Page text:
Things like the size, number and placement of embellishments to get a balanced look and making sure that things that are meant to be straight are straight.

 

Mix up the Materials and the Techniques

 Over the years, I have seen so many different styles and techniques come and go. There are definitely trends in card making just like everything else. Some card ideas just keep circulating, for example little purse shaped cards seem to resurface in some form or another in magazines all the time.

 

It feels at times as though everything has been done already, how on earth are you going to find something original? But new ideas appear all the time, often as a reshuffling of familiar techniques, designs or materials.

 

Try using different materials or mix up the styles. Look around all the time for things to inspire you. Sometimes, just by juggling the elements and colours on a card you can get a whole new look from the same basic tools. I remember one year making some notelets for someone who needed them for their after Christmas 'thank-yous.'  I managed to make 12 completely different cards from just white card,  lilac paper and one small daisy punch. Set yourself the challenge of doing something similar, you will be amazed at what varied cards you can produce.

 

I love playing with metallic embossing powders, mixing gold, copper and other colours and using rubber stamps to make impressions. These can make really stunning embellishments, which can simply be mounted on a card. No two ever come out the same either, so you can get a whole range of different cards from the same basic technique.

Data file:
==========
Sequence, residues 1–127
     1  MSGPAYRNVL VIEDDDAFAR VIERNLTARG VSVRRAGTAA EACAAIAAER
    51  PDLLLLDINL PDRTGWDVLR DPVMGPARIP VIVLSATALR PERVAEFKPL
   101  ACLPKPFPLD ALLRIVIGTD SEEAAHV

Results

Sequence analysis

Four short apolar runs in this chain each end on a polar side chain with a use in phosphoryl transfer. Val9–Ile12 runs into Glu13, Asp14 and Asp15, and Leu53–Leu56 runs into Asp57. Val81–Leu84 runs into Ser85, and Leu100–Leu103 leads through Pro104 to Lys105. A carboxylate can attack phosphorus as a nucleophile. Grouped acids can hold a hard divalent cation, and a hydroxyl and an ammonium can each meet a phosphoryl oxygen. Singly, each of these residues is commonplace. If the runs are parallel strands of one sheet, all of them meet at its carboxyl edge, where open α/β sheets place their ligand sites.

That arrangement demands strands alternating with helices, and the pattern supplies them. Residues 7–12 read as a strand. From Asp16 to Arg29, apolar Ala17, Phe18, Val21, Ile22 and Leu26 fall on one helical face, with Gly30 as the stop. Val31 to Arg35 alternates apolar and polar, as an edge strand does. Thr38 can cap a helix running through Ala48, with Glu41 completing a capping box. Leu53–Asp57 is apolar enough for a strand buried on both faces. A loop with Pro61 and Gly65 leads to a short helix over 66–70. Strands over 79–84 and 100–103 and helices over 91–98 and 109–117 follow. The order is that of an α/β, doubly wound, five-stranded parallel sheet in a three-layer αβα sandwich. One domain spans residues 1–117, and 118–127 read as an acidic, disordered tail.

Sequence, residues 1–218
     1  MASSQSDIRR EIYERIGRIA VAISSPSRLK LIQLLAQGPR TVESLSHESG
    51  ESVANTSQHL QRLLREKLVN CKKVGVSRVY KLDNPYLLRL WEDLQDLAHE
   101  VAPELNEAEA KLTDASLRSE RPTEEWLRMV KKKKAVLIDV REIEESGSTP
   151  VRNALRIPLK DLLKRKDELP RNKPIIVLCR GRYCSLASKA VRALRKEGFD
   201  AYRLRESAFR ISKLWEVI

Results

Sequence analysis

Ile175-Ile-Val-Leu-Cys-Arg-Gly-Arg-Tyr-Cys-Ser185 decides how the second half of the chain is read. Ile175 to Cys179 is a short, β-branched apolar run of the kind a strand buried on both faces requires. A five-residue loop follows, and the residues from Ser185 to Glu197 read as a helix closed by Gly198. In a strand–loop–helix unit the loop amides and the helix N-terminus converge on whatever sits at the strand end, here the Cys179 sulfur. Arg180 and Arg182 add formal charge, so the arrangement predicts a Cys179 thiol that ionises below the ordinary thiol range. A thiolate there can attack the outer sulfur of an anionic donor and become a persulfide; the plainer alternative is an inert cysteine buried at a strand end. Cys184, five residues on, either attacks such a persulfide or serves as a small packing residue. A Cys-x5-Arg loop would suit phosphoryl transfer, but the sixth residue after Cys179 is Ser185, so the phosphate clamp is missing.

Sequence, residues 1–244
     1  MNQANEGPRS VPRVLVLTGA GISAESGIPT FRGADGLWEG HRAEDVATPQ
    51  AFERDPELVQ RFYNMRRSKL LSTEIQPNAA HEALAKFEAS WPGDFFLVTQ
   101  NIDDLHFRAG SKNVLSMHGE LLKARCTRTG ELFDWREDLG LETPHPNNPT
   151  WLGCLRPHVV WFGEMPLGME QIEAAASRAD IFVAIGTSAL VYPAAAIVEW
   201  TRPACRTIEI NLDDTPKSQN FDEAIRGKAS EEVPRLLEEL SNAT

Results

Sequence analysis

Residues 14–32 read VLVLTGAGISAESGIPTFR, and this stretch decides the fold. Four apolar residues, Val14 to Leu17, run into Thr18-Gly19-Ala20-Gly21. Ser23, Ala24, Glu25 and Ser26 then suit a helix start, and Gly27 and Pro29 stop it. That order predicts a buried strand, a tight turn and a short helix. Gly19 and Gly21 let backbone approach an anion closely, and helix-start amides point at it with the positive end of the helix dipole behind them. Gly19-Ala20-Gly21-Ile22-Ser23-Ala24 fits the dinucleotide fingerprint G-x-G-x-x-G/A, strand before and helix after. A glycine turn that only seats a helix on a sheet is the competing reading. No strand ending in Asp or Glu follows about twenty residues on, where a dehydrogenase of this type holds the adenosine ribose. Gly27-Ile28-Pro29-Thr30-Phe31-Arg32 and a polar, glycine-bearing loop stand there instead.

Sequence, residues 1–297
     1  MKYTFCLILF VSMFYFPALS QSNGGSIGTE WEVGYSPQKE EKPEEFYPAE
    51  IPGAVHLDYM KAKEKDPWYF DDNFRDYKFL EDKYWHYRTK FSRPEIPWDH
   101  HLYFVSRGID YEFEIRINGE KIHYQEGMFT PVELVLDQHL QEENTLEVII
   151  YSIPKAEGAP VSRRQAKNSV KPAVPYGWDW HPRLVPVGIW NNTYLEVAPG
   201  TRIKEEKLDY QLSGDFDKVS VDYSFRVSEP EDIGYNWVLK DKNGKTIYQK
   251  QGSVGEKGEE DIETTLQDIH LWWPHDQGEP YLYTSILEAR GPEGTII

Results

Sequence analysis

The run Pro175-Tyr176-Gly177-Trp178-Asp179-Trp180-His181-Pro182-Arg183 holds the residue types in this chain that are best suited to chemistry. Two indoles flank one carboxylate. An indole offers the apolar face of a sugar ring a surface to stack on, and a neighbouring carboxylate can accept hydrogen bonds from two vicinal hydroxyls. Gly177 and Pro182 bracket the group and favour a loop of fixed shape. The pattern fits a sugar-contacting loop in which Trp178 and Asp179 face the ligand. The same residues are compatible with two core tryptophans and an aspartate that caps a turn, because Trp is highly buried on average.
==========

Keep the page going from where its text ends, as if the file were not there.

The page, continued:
Use little pieces of glitzy material to make wonderful backing for your cards instead of backing papers. Often, you can get away with very little in the way of embellishment if the background is glamorous enough. My Christmas cards last year were little gold and silver stars mounted on some fabulous organza material...simple, stunning and cheap!

 

When using rubber stamps, it is easy to fall into the rut of just stamping and colouring in with watercolour crayons. There are heaps of different stamping techniques though which can give your cards a whole new look. The splitcoast stampers site has always been a favourite. Try combining stamping with other techniques too.

 

If you like to use die-cuts, try to find a way of using them differently. Die cuts can look a little flat so you should try to jazz them up with decorative embellishments, chalking to give depth and a pen for detail. Sometimes just being a little bit clever with the scissors can give a whole new look to the die-cut shape too. Try to think outside the box when using your shapes.

 

By mixing up the techniques, materials and designs you will get a different look and make your cards stand out from the rest!